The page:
15

I have something like the following set up in Laravel:

In /app/controllers/MyController.php:

class MyController extends BaseController {

    const MAX_FILE_SIZE = 10000;

    // ....

}

In /app/tests/MyControllerTest.php:

class MyControllerTest extends TestCase {

    public function myDataProvider() {
        return [
            [ MyController::MAX_FILE_SIZE ]
        ];
    }

    /**
     * @dataProvider myDataProvider
     */
    public function testMyController($a) {
        // Just an example
        $this->assertTrue(1 == 1);
    }
}

However, when I run vendor/bin/phpunit I get the following error:

PHP Fatal error:  Class 'Controller' not found in /home/me/my-app/app/controllers/BaseController.php on line 3

Fatal error: Class 'Controller' not found in /home/me/my-app/app/controllers/BaseController.php on line 3

If I remove the reference to the MyController class in myDataProvider() and replace it with a literal constant then the test completes successfully.

In addition, I can place references to MyController::MAX_FILE_SIZE inside the actual testMyController() method, and the test also completes successfully.

It appears that the autoloading setup for Laravel framework classes isn't being set up until after the data provider method is being called, but before the actual test methods are called. Is there any way around this so that I can access Laravel framework classes from within a PHPUnit data provider?


NOTE: I'm calling PHPUnit directly from the command line and not from within an IDE (such as NetBeans). I know some people have had issues with that, but I don't think that applies to my problem.

25

As implied in this answer, this appears to be related to the order that PHPUnit will call any data providers and the setUp() method in any test cases.

PHPUnit will call the data provider methods before running any tests. Before each test it will also call the setUp() method in the test case. Laravel hooks into the setUp() method to call $this->createApplication() which will add the controller classes to the 'include path' so that they can be autoloaded correctly.

Since the data provider methods are run before this happens then any references to controller classes inside a data provider fail. It's possible work around this by modifying the test class to something like this:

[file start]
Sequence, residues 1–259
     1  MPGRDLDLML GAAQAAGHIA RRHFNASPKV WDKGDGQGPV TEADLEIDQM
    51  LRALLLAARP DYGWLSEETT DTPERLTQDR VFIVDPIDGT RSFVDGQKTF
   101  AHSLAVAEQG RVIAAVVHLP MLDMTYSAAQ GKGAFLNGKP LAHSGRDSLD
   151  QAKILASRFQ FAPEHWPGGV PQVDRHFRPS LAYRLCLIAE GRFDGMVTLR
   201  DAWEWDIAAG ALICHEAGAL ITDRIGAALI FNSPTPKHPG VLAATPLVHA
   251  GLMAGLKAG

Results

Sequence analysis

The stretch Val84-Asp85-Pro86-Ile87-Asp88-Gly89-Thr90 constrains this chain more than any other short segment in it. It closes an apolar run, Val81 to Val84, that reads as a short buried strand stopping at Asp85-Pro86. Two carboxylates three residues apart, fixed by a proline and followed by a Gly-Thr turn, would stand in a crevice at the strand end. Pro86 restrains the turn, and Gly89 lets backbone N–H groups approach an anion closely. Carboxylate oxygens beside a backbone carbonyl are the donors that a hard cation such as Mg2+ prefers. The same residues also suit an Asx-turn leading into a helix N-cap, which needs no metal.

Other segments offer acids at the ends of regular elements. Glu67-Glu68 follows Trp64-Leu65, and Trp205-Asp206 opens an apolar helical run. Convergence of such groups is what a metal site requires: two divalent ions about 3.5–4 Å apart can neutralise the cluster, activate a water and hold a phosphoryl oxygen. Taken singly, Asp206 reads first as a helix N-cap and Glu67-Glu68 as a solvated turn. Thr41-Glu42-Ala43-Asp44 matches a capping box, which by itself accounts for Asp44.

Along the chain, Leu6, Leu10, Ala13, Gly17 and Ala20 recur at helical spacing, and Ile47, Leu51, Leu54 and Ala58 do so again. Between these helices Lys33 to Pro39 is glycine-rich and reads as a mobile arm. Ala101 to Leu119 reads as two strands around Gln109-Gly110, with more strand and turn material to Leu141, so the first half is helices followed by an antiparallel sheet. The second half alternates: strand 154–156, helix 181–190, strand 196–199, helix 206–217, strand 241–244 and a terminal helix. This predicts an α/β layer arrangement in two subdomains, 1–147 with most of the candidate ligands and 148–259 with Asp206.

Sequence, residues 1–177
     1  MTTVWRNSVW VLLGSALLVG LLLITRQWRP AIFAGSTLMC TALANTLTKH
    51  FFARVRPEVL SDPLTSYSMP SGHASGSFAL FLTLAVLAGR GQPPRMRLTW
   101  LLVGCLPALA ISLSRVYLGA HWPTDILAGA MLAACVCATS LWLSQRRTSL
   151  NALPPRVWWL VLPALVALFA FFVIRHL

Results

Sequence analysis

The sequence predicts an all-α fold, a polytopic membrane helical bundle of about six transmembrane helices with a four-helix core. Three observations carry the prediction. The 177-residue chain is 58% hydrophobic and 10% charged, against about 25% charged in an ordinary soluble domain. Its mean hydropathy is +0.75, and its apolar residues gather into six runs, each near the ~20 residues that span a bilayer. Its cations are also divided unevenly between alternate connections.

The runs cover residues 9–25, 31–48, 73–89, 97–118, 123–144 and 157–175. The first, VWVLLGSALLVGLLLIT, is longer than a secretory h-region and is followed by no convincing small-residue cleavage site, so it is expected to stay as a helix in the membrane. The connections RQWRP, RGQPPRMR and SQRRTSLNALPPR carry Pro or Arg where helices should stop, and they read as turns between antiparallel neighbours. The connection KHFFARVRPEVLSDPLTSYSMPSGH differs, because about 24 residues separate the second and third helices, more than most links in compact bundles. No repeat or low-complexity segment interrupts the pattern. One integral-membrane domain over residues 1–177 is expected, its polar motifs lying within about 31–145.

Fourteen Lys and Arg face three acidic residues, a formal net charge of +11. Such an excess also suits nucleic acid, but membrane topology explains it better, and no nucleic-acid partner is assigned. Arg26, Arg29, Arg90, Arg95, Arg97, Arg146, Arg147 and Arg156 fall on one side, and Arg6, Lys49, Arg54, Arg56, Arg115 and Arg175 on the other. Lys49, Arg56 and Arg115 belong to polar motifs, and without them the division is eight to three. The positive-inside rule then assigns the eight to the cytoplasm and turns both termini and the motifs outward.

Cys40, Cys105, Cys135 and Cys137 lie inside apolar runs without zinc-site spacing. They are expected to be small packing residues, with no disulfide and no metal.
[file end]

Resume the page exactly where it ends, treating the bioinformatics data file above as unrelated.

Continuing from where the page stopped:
class MyControllerTest extends TestCase {

    public function __construct($name = null, array $data = array(), $dataName = '') {
        parent::__construct($name, $data, $dataName);

        $this->createApplication();
    }

    public function myDataProvider() {
        return [
            [ MyController::MAX_FILE_SIZE ]
        ];
    }

    /**
     * @dataProvider myDataProvider
     */
    public function testMyController($a) {
        // Just an example
        $this->assertTrue(1 == 1);
    }
}

This will call createApplication() before the data provider methods are run, and so there is a valid application instance that will allow the appropriate classes to be autoloaded correctly.

This seems to work, but I'm not sure if it's the best solution, or if it is likely to cause any issues (although I can't think of any reasons why it should).

1
  • 9
    It's probably safer to call $this->refreshApplication();, as this also sets the environment to testing. You also don't necessarily need to create a constructor, you could just call $this->refreshApplication(); directly in your data provider (if you just have the one I guess). – Antonio Jul 13 '17 at 10:38
15

The test will initialize much faster if you create the application right within the dataProvider method, especially if you have large set of items to test.

public function myDataProvider() {
    $this->createApplication();

    return [
        [ MyController::MAX_FILE_SIZE ]
    ];
}
3

Performance warning for the other solutions (especially if you plan to use factories inside your dataProviders):

As this article explains:

The test runner builds a test suite by scanning all of your test directories […] When a @dataProvider annotation is found, the referenced data provider is EXECUTED, then a TestCase is created and added to the TestSuite for each dataset in the provider.

[…]

if you use factory methods in your data providers, these factories will run once for each test utilizing this data provider BEFORE your first test even runs. So a data provider […] that is used by ten tests will run ten times before your first test even runs. This could drastically slow down the time until your first test executes. Even […] using phpunit --filter, every data provider will still run multiple times. Filtering occurs after the test suite has been generated and therefore after any data providers have been executed.

The above article proposes to return a closure from the dataProvider and execute that in your test:

/** 
 * @test
 * @dataProvider paymentProcessorProvider
 */
public function user_can_charge_an_amount($paymentProcessorProvider)
{
    $paymentProcessorProvider();
    $paymentProcessor = $this->app->make(PaymentProviderContract::class);

    $paymentProcessor->charge(2000);

    $this->assertEquals(2000, $paymentProcessor->totalCharges());
}

public function paymentProcessorProvider()
{
    return [
        'Braintree processor' => [function () {
            $container = Container::getInstance();
            $container->bind(PaymentProviderContract::class, BraintreeProvider::class);
        }],
        ...
    ];
}
1
  • 1
    $this->refreshApplication() is not helping in Laravel 7. I used closure as you said, and I was able to call factory. Thanks – keizah Jul 2 '20 at 14:34

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